NRF Urges White House to Bail Out Retailers

Gina Acosta
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NRF Urges White House to Help Retailers
Retailers are asking the federal government for loan and payroll assistance.

The National Retail Federation has sent a letter to President Trump and other federal officials outlining the steps they should take to minimize the impact of the coronavirus pandemic on retailers.

The letter sent to President Trump, Treasury Secretary Steven Mnuchin, Senate Majority Leader Mitch McConnell, Senate Minority Leader Charles Schumer, House Speaker Nancy Pelosi and House Minority Leader Kevin McCarthy offers support of the federal government's efforts in terms of public health but mentions the broader economic implications of the pandemic on retailers.

"The retail industry is being dramatically impacted by social distancing that is both voluntary and publicly mandated, and our members tell us that the most important support they can get from the federal government would be access to credit that can sustain them until consumers are back in the marketplace," the letter states. "Labor and benefit obligations, rents, loan payments are all crippling burdens if no sales are being made for days or weeks at a time, and our members are suffering cumulative losses that amount to tens of billions of dollars a week.

Certainly, consideration of a mandatory default and foreclosure stay or directions from federal authorities on rent abatement might provide some needed relief for retailers faced with closure orders. With much uncertainty over the length of this crisis, however, a direct, government-backed loan program might be particularly helpful in achieving the goal of providing a bridge to the resumption of normal business operations.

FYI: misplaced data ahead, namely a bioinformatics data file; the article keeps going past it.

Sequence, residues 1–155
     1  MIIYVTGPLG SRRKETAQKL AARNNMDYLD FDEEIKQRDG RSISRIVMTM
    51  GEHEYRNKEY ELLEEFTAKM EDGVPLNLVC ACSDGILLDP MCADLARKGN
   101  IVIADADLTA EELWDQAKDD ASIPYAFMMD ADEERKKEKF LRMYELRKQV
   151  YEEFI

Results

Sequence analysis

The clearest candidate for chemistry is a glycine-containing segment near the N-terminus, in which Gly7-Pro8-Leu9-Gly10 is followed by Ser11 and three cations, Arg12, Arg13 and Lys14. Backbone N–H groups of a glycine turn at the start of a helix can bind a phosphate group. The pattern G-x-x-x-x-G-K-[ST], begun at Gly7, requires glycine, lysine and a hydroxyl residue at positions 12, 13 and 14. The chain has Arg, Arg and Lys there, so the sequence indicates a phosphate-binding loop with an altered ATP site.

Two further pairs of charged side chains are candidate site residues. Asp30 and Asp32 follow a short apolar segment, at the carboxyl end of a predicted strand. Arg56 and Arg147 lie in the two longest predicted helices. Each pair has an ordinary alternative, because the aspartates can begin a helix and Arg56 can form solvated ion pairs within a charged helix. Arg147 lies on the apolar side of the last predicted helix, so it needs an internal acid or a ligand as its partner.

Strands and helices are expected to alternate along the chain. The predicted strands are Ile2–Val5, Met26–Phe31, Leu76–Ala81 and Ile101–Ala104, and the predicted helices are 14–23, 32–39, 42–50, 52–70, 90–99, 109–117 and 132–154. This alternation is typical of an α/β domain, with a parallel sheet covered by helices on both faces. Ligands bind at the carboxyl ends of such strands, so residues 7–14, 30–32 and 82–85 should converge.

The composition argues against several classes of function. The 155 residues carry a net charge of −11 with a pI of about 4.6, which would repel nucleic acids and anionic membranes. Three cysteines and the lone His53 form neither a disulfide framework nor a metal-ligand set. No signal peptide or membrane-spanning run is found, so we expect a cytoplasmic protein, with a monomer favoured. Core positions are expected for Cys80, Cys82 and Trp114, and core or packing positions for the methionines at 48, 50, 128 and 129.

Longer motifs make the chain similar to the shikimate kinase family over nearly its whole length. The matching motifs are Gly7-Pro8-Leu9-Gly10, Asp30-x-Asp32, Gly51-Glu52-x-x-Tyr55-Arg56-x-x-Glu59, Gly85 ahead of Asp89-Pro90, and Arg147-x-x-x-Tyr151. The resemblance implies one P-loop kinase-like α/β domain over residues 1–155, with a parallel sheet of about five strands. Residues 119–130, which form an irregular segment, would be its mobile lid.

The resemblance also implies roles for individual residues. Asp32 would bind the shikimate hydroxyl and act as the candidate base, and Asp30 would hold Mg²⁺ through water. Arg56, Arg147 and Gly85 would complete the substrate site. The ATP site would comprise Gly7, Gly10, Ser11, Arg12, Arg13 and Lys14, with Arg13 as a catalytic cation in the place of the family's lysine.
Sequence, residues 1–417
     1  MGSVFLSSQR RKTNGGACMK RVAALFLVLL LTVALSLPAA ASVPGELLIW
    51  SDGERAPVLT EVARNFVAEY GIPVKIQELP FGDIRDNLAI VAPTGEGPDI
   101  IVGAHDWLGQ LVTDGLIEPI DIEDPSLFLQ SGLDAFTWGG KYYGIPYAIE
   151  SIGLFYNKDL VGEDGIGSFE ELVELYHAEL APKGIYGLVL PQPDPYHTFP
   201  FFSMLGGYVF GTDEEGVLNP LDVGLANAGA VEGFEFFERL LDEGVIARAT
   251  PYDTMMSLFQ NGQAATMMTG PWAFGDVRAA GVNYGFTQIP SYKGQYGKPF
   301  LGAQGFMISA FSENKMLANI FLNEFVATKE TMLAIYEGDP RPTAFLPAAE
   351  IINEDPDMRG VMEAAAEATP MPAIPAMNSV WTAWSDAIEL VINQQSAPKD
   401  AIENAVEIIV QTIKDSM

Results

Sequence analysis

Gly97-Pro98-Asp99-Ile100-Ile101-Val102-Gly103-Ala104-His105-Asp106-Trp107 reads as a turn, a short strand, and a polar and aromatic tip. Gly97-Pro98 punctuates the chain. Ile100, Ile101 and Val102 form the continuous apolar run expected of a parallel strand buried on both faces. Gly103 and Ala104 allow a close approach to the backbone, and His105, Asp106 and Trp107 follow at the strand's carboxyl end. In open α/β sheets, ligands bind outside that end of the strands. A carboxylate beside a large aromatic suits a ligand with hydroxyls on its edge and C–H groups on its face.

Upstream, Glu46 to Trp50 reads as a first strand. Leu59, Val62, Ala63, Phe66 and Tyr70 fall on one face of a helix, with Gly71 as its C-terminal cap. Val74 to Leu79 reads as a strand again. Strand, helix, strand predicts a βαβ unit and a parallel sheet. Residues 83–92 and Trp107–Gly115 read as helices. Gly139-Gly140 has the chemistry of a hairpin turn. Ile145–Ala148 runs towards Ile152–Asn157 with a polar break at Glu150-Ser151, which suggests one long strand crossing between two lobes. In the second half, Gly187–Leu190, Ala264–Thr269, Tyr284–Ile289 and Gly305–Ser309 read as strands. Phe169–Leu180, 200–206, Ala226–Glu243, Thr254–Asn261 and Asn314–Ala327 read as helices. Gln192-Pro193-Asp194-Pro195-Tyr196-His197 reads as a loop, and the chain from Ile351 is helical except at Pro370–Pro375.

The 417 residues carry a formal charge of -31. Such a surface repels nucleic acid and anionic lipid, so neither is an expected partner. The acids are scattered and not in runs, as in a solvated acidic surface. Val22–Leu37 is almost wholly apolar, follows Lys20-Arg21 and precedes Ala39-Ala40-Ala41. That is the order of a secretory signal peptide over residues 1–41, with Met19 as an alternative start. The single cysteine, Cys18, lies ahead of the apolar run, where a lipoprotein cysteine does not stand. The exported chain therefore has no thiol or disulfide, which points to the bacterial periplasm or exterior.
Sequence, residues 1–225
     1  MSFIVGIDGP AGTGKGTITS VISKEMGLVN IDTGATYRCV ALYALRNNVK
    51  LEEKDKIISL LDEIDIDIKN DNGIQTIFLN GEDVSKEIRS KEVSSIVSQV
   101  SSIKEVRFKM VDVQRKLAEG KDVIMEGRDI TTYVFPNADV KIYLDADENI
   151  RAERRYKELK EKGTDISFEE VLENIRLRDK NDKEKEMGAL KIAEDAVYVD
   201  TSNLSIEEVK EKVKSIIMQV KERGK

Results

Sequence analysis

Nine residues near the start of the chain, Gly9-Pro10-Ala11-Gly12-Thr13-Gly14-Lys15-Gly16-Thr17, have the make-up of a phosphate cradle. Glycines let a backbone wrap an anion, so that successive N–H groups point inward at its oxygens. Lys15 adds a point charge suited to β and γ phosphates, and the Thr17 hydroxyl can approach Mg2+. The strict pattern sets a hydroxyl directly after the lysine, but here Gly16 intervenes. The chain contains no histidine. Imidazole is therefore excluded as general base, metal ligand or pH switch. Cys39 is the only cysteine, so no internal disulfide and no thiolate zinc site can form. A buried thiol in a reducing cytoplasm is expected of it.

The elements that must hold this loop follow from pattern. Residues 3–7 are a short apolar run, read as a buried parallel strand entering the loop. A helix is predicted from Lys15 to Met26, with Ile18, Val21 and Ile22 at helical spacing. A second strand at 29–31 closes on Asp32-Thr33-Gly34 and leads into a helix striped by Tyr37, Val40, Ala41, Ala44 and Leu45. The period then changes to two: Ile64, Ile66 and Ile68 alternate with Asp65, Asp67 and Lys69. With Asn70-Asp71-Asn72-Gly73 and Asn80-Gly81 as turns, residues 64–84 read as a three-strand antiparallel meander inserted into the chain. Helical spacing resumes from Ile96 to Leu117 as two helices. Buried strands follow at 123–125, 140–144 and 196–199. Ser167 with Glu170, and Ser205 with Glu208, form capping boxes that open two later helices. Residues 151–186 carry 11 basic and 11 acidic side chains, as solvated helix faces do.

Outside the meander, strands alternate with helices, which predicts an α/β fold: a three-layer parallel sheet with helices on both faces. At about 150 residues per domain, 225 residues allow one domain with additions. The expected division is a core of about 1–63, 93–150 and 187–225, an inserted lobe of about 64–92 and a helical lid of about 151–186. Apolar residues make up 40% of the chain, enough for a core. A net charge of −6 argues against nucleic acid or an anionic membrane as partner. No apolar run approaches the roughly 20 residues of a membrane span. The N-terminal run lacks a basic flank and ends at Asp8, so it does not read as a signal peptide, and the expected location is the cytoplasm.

Certain tax changes can also improve liquidity. For example, the administration’s action yesterday to delay tax filings and payments for 90 days provides additional liquidity is welcome news. Allowing businesses to file amended returns to recoup their overpayment of taxes as a result of the error in the qualified improvement property provision of the 2017 tax law would also return as much as $15 billion a year to retail, restaurant and hotel businesses.

Reinstating the net operating loss carryback (NOL) would also allow businesses that are losing money this year to monetize those losses earlier than otherwise allowed by applying them against past years’ taxable income.

Finally, all our members are extremely focused on sustaining their workforce even if they have to close stores temporarily. Assistance in providing for payroll costs might help slow layoffs that will be inevitable if retail sales continue to collapse. Expanding the employee retention tax credit to businesses that are suffering financial losses because of this crisis would help to offset payroll costs at a time when sales are in a decline."

The letter is signed by Matthew R. Shay, president and CEO of the National Retail Federation.

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